Health & Medical First Aid & Hospitals & Surgery

Apoptosis in Skin Wound Healing

´╗┐Apoptosis in Skin Wound Healing
Apoptosis, a basic physiological process in which unwanted cells are removed, plays an important role in the wound healing process. In normal skin wound healing, apoptosis is responsible for the removal of inflammatory cells and the evolution of granulation tissue into scar. Dysregulation in apoptosis can lead to abnormal wound healing, such as hypertrophic scar and keloid formation. This review first provides an overview of the basic molecular aspects of apoptosis and wound healing, followed by the elucidation of apoptosis in the normal and abnormal wound healing processes. As research in this area ensues, knowledge of apoptosis may be helpful in designing novel therapies for wound healing.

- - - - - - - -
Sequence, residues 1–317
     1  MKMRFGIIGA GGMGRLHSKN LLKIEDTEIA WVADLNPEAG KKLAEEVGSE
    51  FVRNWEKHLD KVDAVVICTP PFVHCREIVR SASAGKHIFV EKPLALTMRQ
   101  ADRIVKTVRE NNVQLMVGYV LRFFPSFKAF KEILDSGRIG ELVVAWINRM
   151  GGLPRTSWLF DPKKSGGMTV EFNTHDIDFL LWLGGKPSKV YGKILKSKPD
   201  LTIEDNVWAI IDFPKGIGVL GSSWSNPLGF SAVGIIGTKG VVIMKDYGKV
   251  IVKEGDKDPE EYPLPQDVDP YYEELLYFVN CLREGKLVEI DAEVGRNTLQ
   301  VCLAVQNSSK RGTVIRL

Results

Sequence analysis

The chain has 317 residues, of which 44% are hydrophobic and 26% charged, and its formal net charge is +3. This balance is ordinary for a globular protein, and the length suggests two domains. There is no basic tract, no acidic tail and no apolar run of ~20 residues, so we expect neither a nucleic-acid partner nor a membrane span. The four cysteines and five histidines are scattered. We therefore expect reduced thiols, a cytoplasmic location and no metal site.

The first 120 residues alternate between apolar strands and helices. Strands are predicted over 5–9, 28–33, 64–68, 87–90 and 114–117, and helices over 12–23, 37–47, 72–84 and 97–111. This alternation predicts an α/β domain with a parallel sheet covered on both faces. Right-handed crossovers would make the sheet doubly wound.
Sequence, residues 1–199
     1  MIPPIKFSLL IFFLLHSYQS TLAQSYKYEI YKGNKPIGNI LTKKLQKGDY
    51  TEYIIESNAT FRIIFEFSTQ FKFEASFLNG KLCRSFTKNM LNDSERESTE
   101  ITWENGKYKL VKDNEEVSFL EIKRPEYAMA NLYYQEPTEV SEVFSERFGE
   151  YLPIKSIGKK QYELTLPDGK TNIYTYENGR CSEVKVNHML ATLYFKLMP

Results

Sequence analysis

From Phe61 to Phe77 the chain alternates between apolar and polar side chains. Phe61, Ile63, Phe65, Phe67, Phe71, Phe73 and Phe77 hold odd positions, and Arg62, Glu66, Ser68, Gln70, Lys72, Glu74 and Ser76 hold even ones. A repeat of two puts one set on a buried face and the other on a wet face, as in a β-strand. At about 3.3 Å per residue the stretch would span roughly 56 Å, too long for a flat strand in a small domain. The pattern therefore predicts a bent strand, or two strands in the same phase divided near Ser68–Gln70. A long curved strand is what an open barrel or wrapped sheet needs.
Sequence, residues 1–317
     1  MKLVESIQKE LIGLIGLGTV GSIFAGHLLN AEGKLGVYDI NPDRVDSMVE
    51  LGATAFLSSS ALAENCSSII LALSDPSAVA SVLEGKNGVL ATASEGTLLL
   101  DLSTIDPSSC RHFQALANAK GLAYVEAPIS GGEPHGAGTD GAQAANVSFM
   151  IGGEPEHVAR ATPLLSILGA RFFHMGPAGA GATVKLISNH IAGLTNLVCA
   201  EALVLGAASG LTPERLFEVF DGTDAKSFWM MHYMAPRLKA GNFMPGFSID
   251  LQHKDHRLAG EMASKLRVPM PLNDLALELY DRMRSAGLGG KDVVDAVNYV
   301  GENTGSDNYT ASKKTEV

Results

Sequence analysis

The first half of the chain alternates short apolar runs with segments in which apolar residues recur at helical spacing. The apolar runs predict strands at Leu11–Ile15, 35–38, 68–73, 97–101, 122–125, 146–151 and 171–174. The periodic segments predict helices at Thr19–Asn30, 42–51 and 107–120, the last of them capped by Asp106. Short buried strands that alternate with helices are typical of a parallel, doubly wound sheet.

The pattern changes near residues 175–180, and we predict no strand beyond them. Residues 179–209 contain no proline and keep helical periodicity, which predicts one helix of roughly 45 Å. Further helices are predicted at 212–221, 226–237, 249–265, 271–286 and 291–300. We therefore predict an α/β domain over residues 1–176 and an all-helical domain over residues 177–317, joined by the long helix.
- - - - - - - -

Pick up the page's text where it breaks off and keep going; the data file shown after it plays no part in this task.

Apoptosis is a highly conserved physiological cell death process that removes unwanted cells. Since 1972 when Kerr, et al., introduced the term apoptosis to distinguish from necrosis, there has been tremendous interest in programmed cell death as a critical component in maintaining homeostasis and growth in tissues. Failure of apoptosis can lead to a variety of cancers, viral infections, and autoimmune diseases. Since the past three decades when the mystery of this cellular phenomenon began to unravel, scientists have discovered its valuable applications in clinical research and biotechnology. One area of particular importance is the wound healing process in which apoptosis is responsible for the removal of inflammatory cells and granulation tissue. While extensive literature in apoptosis has been published in many fields, very few have focused on the role of apoptosis in the skin wound healing process. This review describes the basic cellular and biochemical aspects of apoptosis and the occurrence of apoptosis during the skin wound healing and regeneration process.

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